After the words ‘Shake it up baby, twist and shout’ it says:‘you know what it’s all about’. Does this  ‘you know what it’s all about’  refer to this dance, the ‘twist’ as if Dylan meant: ‘Baby you know all about this way of dancing’ or does it refer to the preceding or next verse()s?. To answer this question we first have to examine what follows next: ‘What you doing out there in the sun anyway? Don't you know the sun can burn your brains right out?’. It is obvious that these lines echo an African-American folktale called ‘Uglier Than A Grinning Buzzard’ in the version by Louise Anderson which can be found in the book ‘Talk That Talk’: An Anthology of African-American Storytelling. It is a tale about a trickster –an old buzzard - which had fooled a rabbit and a squirrel into taking a refreshing ride on his back which in the end led to the rabbit and the squirrel being eaten by the buzzard. In return we see that the buzzard is tricked by a clever monkey which is out there in the sun, about to give the buzzard his comeuppance. From the tale: "They said, What's the monkey doing out there in the sun? Oh, that monkey done lost his cool. The sun done burned that monkey's brains out’. So we see in this story that the trickster gets tricked. It is all about getting what one deserves.
If we now go back to the story of Eve and Adam just after they had fallen in sin we may see some of the same phenomena as described above come back. Because Adam had sinned God said to him: ‘By the sweat of your brow you will eat your food until you return to the ground, since from it you were taken; for dust you are and to dust you will return.”(Genesis 3:19). ‘Being out there in the sun,’ sweating and planting and harvesting what the earth brings forth, is not Eve’s territory but Adam’s. Therefore in that situation it is as if Adam says to Eve: ‘What are you doing out there in the sun anyway? Don't you know the sun can burn your brains right out, this hard labor in the fields in the burning sun  will be much too much for you Eve, you have your own agony to bear Eve which is quite different from mine because God has said to you: ’I will make your pains in childbearing very severe, with painful labour you will give birth to children, your desire will be for your husband, and he will rule over you.”  (Genesis 4:16).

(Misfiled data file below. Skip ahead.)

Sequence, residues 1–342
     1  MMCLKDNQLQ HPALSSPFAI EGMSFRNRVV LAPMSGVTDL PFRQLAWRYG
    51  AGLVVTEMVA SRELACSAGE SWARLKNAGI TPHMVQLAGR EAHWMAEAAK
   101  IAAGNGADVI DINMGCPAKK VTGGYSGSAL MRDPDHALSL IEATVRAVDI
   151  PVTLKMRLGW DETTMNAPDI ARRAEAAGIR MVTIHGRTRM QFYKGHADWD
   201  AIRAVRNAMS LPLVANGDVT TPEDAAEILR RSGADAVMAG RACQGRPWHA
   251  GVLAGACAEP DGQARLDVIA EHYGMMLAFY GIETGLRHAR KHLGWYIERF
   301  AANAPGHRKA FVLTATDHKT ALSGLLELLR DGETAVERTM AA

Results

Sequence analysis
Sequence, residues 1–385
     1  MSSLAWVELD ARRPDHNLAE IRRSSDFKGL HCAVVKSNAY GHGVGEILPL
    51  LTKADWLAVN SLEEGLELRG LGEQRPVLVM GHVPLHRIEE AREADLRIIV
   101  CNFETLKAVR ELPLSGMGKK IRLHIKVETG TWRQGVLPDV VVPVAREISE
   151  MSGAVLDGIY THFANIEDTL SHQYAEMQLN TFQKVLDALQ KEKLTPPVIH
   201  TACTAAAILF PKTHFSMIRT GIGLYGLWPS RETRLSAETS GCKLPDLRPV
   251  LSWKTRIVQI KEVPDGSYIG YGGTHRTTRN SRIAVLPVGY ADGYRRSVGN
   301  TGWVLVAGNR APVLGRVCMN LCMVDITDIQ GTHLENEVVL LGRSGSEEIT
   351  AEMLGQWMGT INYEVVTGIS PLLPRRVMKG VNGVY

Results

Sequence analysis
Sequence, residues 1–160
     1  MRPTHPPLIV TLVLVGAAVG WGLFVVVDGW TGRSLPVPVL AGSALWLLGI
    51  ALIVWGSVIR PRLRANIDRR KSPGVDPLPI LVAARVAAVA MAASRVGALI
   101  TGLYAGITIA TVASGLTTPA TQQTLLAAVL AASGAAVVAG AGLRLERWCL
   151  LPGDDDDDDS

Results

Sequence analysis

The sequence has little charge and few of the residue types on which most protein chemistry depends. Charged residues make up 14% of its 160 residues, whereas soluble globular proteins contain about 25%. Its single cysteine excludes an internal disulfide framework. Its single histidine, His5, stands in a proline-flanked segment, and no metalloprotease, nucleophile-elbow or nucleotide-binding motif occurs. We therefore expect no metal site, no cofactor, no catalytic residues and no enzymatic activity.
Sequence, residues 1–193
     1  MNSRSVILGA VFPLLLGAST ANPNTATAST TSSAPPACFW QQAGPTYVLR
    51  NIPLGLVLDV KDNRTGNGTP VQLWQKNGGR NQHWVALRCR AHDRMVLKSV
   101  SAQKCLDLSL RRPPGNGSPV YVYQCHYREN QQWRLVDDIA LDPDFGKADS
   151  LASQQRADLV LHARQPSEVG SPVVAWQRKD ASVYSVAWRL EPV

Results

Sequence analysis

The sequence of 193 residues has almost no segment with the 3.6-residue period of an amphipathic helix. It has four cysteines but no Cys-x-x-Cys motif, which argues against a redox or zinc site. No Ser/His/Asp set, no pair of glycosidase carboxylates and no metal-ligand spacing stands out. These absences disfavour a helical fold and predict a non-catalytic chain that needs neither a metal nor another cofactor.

The next verse dwells on the same subject. Not only Adam and Eve- representing mankind - had to bear the dreadful consequences of their downfall but also the serpent who had deceived Eve and Adam gets his comeuppance. We see this paraphrased in the next verse: ‘My enemy crashed into the dust. Stopped dead in his tracks and he lost his lust. He was run down hard when he broke apart. He died in shame, he had an iron heart’. Some commentators have argued that this verse deals with the struggle a reborn Christian is going through. When you surrender your heart to the Lord, you increasingly become aware of the fact that there is an enemy within you who continuously tries to crush your new way of living and continuously tries to drag you back into your old way of living. Some call this enemy within a Christian the ‘old man’ or the ‘old nature’ within you, as contrasted with the indwelling ‘new man’ or ‘new nature’ worked by the Holy Spirit (cf Ephesians 4: 22-24, Romans 6:6, Colossians 3:9,10). It reminds us of what Dylan once wrote in the song ‘Where are you tonight? (Journey through dark Heat)’: ‘I fought with my twin, that enemy within, till both of us fell by the way’. This verse ‘My enemy crashed into the dust. Stopped dead in his tracks and he lost his lust. He was run down hard when he broke apart. He died in shame, he had an iron heart’ would describe the final outcome of this struggle within a reborn Christian. In the end when a Christian dies physically, that enemy within him will also die suddenly but then in a spiritual way. It is now as if a Christian looks back on his life after he has died and is in heaven and now says: ‘The battle is over, ‘my enemy crashed into the dust, stopped dead in his tracks and he lost his lust, once my body had to return to dust when I died on earth but this enemy will remain in dust forever and this enemy is  no longer capable to stir up lust within me, his downfall came suddenly and abrupt,  he was run down hard when he broke apart , and had to let me go, I was raised to glory but he died in shame, I received new eyes and a new heart, not a heart of stone but a new heart of flesh but he had an iron heart, a heart harder than stone that can never be converted, he died in shame, for my enemy it has come true what it says it says in Psalm 83: 17 ‘Let them be humiliated and terrified permanently until they die in shame’ (ISV).